RE: A bit of bomb throwing....

From: Prokopp, Christian <>
Date: Thu, 19 Jan 2006 06:00:23 +0800

I do not think anyone (myself for sure) was criticizing academia but
rather pointing out (as you said too) that everyone has a different
stake/interest and furthers society from a different angle.
I completely agree with you - especially with "Open source is about the
software that you can build right now. Academia is about the software
that you might be able to build 5 or 10 years from now." For that
academia and corporate researchers have to explore many possibilities
and should work unrestricted (although that is never fully possible).
IMO it is not academia's responsibility to disseminate technology and
create products.


-----Original Message-----
From: David Karger []
Sent: Thursday, 19 January 2006 2:10 AM
Subject: Re: A bit of bomb throwing....

I've seen several mentions in this thread of the idea that while the
goal of the open source community is to build stuff (clearly a sign of
brains and productivity), the goal of academics is to publish papers
(clearly some vain form of social parasitism). As a parasite---er,
academic---I assert that in fact both communities have the same goal,
which is to make things better than they are now. We simply have
different horizons. Open source is about the software that you can
build right now. Academia is about the software that you might be able
to build 5 or 10 years from now. The reason we write papers is that, by

definition, the thing we are describing can't really be built right
now. While research invariably involves building prototypes (such as my

group's Haystack client), those prototypes are typically too fragile to
deploy for broad use, because they are trying to do something that we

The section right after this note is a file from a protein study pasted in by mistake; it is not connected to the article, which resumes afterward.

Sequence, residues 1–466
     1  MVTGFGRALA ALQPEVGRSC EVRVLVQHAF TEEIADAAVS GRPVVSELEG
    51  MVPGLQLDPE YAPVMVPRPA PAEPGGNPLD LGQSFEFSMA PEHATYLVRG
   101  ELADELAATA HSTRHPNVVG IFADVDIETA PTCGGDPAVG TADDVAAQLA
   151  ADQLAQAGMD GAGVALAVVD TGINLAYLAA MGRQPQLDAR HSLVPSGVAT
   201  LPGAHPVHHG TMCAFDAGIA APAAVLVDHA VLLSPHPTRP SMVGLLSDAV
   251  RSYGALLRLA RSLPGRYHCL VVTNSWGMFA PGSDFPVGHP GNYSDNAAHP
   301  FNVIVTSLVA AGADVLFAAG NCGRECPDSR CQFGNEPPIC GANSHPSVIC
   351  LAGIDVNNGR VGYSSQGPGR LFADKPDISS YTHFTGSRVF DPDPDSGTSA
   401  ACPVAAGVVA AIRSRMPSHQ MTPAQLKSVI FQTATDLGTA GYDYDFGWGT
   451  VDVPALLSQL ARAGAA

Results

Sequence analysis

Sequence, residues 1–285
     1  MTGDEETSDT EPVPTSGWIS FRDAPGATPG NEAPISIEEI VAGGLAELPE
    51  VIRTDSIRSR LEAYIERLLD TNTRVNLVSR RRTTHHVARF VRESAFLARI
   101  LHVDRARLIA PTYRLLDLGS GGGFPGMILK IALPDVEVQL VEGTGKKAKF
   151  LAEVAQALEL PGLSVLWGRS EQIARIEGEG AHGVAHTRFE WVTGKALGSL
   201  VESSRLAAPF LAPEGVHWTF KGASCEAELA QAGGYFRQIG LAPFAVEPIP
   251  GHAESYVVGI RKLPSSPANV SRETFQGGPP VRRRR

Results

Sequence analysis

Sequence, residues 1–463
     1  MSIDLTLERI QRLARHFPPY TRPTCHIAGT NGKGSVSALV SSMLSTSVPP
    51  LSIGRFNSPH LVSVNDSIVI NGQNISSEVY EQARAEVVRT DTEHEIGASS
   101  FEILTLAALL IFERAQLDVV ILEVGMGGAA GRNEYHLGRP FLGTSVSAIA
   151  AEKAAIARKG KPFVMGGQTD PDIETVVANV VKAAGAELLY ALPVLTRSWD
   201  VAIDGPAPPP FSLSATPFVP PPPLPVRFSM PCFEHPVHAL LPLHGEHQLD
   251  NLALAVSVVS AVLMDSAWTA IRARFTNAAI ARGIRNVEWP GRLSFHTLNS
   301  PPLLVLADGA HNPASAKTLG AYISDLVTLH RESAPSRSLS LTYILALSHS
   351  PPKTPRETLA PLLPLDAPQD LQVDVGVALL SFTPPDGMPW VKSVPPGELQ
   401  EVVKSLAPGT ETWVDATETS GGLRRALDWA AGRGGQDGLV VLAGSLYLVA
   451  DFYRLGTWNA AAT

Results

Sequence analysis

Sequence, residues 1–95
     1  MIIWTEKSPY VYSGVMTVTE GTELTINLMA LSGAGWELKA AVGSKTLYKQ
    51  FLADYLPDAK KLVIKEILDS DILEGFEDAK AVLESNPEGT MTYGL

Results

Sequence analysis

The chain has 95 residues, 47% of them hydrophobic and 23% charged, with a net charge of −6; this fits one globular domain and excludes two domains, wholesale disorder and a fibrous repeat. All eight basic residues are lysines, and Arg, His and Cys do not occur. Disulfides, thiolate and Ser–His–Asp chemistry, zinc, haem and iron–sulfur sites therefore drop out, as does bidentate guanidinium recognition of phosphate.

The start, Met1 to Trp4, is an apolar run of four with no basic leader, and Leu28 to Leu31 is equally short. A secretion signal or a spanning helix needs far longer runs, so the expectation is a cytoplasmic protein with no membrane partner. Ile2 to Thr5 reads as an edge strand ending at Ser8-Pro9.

don't fully understand how to do yet.

Some may argue that if you can't build it for real now then there's no
point in working on it at all, but I would say this is a lot like
driving at night with your headlights off---sure you can see 2 feet in
front of the car, but is that really sufficient? You need to try out
ideas to see them fail, so you can fix them, and it would really slow
progess down if we only tried out ideas that were practical right now.
Under the current research system, by the time something becomes
practical, researchers have (hopefully) played around enough with it in
its impractical stages to let us know how to build good solutions
quickly. Just to snag one example that appeared on this thread, Timbl's

creation of the web didn't just happen; it arose from a background of
plenty of previous research on hypertext that did not result in broadly
deployed systems, but that did produce a background of ideas that others

could draw upon to build new artifacts.

So yes, academics may suffer enough human vanity to be disappointed when

their "pet algorithm is discarded in favor of something better for the
product", but that is irrelevant to the broader goal of getting that
algorithm out there so that it can be picked up and used 5 years from
now when it is just the right thing for the next product.

David Karger
Professor, EECS
MIT Computer Science and AI Laboratory
32 Vassar St.
Cambridge, MA 02138
Received on Wed Jan 18 2006 - 22:00:08 EST

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